Furthermore, a major component of the Showcase Portfolio process is that the students have to present their portfolio to an audience. This is usually their crew teacher and their parents. However, some students choose to present to a panel of school administrators, city government, and school visitors. I think that the wiki will allow a much broader audience compared to traditional three-ringed binder or Noteshare portfolios. Hopefully, the knowledge that their portfolio could be viewed by anyone will “up the ante” for some kids and improve engagement.
Lastly, the online nature of the wiki will allow students within my homeroom to examine each other’s work and to comment on the progress and ideas of their peers. Also, since this is a year long process, the wiki will allow students to easily update their entries.
In his post “Ready To Go” from Web 2.0 In The Classroom, JBlack reflects on the experience of quitting web 2.0 “cold turkey.” It is interesting that in his return to nature, JBlack was able to gain perspective on his technology instruction. Maybe this is just a plug to those people who whine that “teachers don’t have to work in the summer,” but the ability to step back from your profession and reflect on other things surrounding you is a good thing. Ultimately, it makes you able to connect the world around you to your content. And, after all, isn’t that what teachers are supposed to do?
In another cautious tale of “Web 2.Overload”, Will Richardson, in “What I hate about Twitter” on Weblogg-ed, talks about how new technology can suck in users and morph into something its not. He discusses how people are using Twitter for things it wasn’t intended. For example, while it was designed for short messages, people are posting hour long presentations by snipping the files into tiny bits. It’s not without irony that Richardson longs for the good-old-days when people blogged more and read more…the frontier days before Twitter condensed conversations and thoughts into take-home sized morsels. I wonder what Richardson would say to a “newbie.” Would he want us to stay away from twitter and go “old school” by posting traditional blog posts?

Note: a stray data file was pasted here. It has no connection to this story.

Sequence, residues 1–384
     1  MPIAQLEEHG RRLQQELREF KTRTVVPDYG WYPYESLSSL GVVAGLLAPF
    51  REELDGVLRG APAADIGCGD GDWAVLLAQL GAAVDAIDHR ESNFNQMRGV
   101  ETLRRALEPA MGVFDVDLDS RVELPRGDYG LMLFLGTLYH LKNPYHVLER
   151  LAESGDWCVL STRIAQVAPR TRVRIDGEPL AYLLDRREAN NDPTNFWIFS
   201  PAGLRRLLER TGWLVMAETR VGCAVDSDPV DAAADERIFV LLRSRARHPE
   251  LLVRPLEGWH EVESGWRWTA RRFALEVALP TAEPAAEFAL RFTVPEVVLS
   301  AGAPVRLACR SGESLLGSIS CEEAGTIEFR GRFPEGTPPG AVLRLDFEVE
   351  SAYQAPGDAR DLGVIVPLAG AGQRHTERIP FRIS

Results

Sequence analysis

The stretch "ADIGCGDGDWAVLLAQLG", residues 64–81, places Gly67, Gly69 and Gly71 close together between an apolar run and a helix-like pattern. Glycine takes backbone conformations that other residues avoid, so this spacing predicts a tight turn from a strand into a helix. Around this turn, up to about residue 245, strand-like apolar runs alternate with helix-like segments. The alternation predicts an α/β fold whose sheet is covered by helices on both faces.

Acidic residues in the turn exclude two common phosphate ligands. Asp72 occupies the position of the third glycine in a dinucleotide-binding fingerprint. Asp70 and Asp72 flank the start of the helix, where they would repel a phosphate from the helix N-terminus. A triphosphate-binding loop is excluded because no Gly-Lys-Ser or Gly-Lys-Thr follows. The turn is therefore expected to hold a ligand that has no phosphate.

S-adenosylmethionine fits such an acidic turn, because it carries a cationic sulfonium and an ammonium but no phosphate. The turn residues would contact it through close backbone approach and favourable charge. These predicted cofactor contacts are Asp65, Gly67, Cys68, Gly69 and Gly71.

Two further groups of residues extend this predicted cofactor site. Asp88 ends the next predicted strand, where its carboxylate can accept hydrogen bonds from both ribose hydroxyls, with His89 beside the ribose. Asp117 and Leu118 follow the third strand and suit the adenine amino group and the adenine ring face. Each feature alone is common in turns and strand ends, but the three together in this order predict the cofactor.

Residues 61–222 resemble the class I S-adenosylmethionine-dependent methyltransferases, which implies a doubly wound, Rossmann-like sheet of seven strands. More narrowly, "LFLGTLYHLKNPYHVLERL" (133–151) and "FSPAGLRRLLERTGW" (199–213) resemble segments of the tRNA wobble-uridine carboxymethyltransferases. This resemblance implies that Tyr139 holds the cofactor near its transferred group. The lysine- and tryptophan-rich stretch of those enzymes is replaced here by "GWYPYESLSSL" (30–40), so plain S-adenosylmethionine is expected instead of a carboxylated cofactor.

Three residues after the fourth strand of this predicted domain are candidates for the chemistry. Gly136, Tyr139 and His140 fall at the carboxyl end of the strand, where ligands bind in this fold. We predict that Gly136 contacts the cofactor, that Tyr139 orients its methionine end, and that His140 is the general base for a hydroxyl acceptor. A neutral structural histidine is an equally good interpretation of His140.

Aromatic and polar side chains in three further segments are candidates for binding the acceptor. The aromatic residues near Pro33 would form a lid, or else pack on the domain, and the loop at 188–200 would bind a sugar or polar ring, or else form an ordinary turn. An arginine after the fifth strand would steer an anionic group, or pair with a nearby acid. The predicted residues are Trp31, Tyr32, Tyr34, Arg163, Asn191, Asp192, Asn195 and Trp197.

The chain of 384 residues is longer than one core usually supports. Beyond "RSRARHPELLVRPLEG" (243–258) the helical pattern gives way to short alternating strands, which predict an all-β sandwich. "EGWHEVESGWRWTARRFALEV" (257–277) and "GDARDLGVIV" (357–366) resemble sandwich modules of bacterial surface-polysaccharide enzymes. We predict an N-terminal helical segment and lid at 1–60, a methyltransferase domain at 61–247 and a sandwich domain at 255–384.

Social bookmarking could be a powerful tool in the classroom. First, as a teacher, I (or my students) often come across websites and I want to save the url. Other times a teacher finds something I may be interested in and they slide me their laptop during a meeting. However, since I use Safari at school, and Firefox or a PC at home, organizing and compiling links from several machines and programs is difficult and inefficient. Del.icio.us offers the ability to travel with my links and access them wherever I need (and, should the Apple gods descend upon me someday with a pearly white and stainless steel iPhone blessing, delicious will certainly be helpful.)
While del.icio.us can help me with my own reasearch and lesson planning, I can also see how it would be a helpful tool for students. I could bundle links for my students into lessons and units. Furthermore, I could tag each entry with keywords from a unit, so if a student has a question, they could sift through tags to find the answer that they need.
At the risk of blurting out some dreaded educational jargon, one of the most exciting things that del.icio.us offers is the chance for students to engage in a little bit of metacognition (that never hurt anyone, did it?) If I set up a class del.icio.us account, then students could author their own social bookmark list. In groups, they could investigate a website and summarize its “take home message” and “point of view” in the “notes” field on del.icio.us. Then, they could tag the entry with key words. Both the notes and tags are valuable summarizing activities. After some serious front-loading on website evaluation, students could even rate the quality of websites. As a class, we could establish “quality” tags such as: “reliable” “questionable” or “whaky!” Then, students could tag each bookmark with one “quality” word. When searching back through their sites, students could first select those sites that are tagged with a particular subject. Then, they could select a secondary “quality” tag.
I teach a large unit on alternative energy. Students pick one type of renewable energy and then write a persuasive essay about its benefits or drawbacks. As students research independently, they could add appropriate websites to the class del.icio.us list. They would follow both the note and tag protocol as well as rate the quality of the sites. Then, as other students in other classes attempt to research the same type of renewable energy, they would have at their disposal a list of websites compiled by their peers.
It will be interesting to see how my students handle learning about “tagging.” My guess is it won’t be too much of a stretch, since YouTube videos and online photo galleries use tags.
For the past few years, our teaching team (and building) has struggled with creating a meaningful and engaging portfolio process for eighth graders. While students come to the eighth grade with a massive quantity of digital and hand done work, it is difficult to have the students distill this catalogue into something representative of their experience at the school.
The NETS for teachers say that teachers should “design and develop digital-age learning experience and assessments.” One such digital assessment that could have a significant impact on our students’ learning and metacognitive skills could be for them to create, maintain, and update a digital portfolio. As Richardson suggests in his book, a Blog would be an appropriate online tool for such a portfolio.
I hope to use my time in this class to create a sample and template for our “showcase portfolio.” When doing a tradtional paper-binder portfolio, the students often have a hard time thinking about their work — they just want to shove it all in a folder. I’m hoping that the engaging and organized environment of a blog will help to ameliorate these problems.